Sin Like You Mean It

The Flametrick Subs & Satan's Cheerleaders

I had a dream the other night: There were fuzzy bunnies leaping over a thumbnail crescent moon in a beautiful, azure sky. The bunnies were being chased willy-nilly through fields of pink daffodils, where little blue smurfs bantered about little blue smurf-things and a golden unicorn grazed in a dappled, sunlit field. In the background, I could hear children giggling and the most gorgeous music I'd ever heard wafted in on a cool ocean breeze, redolent with the scent of honeysuckle and Aunt Bea's steaming apple pies.

And then the dream began to change: I heard someone yell "Pull!" and fuzzy bunny number one exploded in a shower of bone fragments and singed fur. A gentle rain pattered down around me, bright, bright red and when I caught some on my tongue, it tasted like a mouthful of dirty pennies.

The smurfs were no longer blue. In fact they weren't really smurfs after all. They looked more like Elvis' evil twins, white-trash sex dwarves manhandling guitars and doing unspeakable things to the unicorn, who grunted soundlessly in pain and dismay (although those watery equine eyes told a different story). The children were screaming now, and the air smelled like Pine-Sol and sweaty vinyl upholstery with funny little stains on it. The crust of Aunt Bea's pie was roiling like a miniature stormfront. Those weren't apples in there. No way. Uh-uh.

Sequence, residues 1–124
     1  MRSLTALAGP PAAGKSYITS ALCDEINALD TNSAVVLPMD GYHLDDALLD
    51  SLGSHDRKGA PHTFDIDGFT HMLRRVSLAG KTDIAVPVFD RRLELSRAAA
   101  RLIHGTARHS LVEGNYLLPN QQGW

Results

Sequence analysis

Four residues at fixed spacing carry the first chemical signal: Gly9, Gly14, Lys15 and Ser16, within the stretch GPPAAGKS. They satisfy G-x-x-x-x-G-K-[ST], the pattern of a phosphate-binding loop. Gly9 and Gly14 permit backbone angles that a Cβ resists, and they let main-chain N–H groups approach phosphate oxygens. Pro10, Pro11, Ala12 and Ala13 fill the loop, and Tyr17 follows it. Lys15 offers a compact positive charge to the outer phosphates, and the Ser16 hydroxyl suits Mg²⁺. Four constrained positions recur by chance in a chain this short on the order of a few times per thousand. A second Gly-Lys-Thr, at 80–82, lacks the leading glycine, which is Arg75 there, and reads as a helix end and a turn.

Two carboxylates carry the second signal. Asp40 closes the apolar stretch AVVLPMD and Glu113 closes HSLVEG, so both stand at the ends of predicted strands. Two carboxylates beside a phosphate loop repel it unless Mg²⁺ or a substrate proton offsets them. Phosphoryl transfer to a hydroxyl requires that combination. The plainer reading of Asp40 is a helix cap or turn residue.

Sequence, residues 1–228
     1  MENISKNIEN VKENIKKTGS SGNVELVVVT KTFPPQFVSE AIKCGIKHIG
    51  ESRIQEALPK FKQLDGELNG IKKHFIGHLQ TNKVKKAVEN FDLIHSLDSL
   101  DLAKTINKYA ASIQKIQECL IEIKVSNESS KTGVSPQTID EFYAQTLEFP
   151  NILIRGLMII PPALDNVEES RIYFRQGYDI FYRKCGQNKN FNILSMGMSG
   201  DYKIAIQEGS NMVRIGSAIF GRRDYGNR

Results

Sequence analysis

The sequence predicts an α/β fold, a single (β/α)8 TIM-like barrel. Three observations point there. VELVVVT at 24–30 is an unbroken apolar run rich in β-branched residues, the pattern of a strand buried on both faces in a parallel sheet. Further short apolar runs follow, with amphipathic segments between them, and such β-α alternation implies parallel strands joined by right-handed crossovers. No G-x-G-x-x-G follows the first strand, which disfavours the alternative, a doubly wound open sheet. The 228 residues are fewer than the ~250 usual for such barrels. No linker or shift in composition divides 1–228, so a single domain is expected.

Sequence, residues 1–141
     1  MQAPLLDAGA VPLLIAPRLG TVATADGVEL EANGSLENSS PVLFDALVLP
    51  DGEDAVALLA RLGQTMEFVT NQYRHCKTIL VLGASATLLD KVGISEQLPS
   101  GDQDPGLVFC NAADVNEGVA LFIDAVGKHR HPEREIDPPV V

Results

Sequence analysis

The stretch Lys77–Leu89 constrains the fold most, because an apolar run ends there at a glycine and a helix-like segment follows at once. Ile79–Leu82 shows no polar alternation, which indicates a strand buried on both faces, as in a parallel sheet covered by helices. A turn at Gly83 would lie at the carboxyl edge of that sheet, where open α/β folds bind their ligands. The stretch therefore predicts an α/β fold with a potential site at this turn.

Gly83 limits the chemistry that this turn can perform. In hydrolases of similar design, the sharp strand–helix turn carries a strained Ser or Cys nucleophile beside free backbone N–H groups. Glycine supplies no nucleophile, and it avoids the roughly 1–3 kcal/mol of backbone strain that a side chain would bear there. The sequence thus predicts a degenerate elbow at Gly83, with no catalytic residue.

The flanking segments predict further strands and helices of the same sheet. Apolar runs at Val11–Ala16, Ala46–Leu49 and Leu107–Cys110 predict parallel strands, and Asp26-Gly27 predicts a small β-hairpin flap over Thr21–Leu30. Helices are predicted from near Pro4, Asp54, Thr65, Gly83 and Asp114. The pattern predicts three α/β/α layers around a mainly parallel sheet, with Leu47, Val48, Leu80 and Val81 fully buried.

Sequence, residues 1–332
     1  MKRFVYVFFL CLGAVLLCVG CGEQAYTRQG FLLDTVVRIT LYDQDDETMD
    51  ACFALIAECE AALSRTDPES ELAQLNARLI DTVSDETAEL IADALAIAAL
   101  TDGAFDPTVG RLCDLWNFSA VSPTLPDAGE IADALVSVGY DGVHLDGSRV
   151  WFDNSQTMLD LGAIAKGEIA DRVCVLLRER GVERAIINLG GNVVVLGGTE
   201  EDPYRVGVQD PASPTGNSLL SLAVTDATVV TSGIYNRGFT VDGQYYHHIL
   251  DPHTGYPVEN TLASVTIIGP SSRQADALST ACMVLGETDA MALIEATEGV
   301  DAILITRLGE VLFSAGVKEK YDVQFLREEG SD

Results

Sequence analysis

Abruptly I woke up. I have these sorts of dreams a lot these days. I blame them entirely on the Flametrick Subs and their cohorts in sin, Satan's Cheerleaders. I can't wait for bedtime these days, lemme tell ya....